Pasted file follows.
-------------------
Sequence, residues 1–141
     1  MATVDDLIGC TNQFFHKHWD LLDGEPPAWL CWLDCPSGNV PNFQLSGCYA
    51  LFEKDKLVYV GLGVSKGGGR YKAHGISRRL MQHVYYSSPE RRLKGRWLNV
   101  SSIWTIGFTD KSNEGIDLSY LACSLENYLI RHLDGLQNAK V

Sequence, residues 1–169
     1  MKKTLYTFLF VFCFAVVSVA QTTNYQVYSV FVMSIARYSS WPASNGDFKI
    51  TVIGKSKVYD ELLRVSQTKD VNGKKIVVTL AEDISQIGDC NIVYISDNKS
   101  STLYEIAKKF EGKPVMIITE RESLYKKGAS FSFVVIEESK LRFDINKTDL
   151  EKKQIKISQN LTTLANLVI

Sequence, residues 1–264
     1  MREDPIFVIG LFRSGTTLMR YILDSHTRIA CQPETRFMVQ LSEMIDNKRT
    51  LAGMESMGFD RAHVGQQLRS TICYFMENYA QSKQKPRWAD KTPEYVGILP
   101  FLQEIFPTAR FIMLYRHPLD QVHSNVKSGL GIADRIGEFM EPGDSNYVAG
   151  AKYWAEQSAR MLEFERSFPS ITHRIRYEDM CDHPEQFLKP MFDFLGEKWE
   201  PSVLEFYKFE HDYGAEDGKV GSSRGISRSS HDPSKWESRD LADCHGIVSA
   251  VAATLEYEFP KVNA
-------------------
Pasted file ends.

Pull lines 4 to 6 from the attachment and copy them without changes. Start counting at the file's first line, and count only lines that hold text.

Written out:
   101  SSIWTIGFTD KSNEGIDLSY LACSLENYLI RHLDGLQNAK V

Sequence, residues 1–169
     1  MKKTLYTFLF VFCFAVVSVA QTTNYQVYSV FVMSIARYSS WPASNGDFKI